Reverse transcription from total RNA extraction to cDNA was done using PrimeScript™ RT reagent Kit with gDNA Eraser (Takara, Cat. No. RR047A). Quantitative PCR was done in a 7900HT instrument from Applied Biosystem using a FastStart Universal SYBR Green Master (Rox kit, Roche, Cat. No. 04913850001). The reference genome for HSV-1 coordinates is from HSV-1 17+, GeneBank: JN555585.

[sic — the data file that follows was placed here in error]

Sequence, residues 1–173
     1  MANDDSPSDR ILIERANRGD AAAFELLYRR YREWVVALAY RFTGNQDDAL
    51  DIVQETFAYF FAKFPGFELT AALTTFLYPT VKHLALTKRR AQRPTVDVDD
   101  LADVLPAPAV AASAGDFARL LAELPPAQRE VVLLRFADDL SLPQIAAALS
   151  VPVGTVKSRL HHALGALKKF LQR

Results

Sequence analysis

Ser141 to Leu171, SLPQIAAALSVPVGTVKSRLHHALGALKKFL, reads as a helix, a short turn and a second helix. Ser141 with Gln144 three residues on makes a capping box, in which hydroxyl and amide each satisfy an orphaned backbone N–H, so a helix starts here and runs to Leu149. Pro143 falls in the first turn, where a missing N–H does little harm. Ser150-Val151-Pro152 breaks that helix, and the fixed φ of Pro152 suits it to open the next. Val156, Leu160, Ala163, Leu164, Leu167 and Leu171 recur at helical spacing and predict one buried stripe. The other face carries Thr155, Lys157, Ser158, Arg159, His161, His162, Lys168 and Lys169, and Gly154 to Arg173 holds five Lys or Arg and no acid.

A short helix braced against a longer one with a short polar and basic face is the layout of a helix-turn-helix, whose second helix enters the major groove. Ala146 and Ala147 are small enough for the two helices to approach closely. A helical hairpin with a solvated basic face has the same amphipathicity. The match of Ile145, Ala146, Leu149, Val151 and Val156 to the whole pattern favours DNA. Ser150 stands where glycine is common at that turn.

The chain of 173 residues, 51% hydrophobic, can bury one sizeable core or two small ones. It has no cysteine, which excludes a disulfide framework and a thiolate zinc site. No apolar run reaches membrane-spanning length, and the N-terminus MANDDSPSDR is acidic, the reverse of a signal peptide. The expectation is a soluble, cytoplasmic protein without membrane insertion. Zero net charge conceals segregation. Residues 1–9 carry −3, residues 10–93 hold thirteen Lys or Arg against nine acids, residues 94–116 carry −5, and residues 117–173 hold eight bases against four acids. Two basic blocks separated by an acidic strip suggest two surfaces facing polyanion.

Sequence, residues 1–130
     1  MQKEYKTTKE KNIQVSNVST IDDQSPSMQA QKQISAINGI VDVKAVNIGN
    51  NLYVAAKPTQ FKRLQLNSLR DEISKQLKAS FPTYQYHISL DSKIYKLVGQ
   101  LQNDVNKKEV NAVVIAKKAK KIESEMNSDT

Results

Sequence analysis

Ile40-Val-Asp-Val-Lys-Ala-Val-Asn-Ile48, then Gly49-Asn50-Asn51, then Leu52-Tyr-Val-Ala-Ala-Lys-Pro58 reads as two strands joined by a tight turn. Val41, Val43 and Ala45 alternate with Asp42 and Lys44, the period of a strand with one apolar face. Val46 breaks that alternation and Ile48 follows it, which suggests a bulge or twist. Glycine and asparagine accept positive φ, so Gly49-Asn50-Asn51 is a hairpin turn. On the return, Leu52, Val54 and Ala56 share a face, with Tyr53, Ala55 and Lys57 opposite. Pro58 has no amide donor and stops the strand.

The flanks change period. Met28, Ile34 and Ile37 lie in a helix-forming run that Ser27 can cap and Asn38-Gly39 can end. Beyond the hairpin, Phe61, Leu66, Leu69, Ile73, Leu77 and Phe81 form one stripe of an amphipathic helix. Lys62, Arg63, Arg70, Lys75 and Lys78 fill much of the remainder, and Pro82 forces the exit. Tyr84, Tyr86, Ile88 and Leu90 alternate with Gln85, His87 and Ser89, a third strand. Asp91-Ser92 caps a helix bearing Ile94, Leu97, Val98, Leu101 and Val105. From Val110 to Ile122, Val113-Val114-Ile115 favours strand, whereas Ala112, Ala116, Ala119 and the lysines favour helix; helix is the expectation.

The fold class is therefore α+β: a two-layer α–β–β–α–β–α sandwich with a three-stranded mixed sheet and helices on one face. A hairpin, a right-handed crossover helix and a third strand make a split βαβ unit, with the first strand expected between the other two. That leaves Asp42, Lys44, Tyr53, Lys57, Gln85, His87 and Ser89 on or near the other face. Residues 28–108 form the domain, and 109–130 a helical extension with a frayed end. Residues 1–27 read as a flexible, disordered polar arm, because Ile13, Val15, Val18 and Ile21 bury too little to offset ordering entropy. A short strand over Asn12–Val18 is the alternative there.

Tree shrew brains were embedded in paraffin and sectioned at a thickness of 5 μm on a microtome (Leica, RM2245). Slides were treated at 60 °C for 30–60 min, then deparaffinized in xylene and a gradient concentration of ethanol. Deparaffinized slides were rinsed with water and antigen retrieved in boiling citric acid buffer (PH=6.0) for 24 min, which was boiled by microwave. After natural cooling, slides were washed sufficiently with water, immersed in 3 % H2O2 for 10 min, and permeabilized with 0.5 % TritonX-100 at RT for 10 min. Blocked in 5 % BSA at RT for 30 min, then incubated with diluted primary antibody (Rabbit anti HSV1, Cat. RR1190P, American Qualex Antibodies) at 4 °C, incubated overnight and subsequently diluted secondary antibody added (anti-rabbit IgG HRP-labeled Antibody, Cat #7074S, Cell Signaling Technology) at room temperature for 60 min. After development with DAB (Cat. DAB-0031) for 3 min, slides were washed in water and did counterstain with hematoxylin. Slides were dehydrated in a gradient concentration of ethanol and dehydrated with xylene, for 3–5 min each. Finally, slides were mounted with neutral balsam and the signal detected with a Nikon, 80i fluorescent microscope.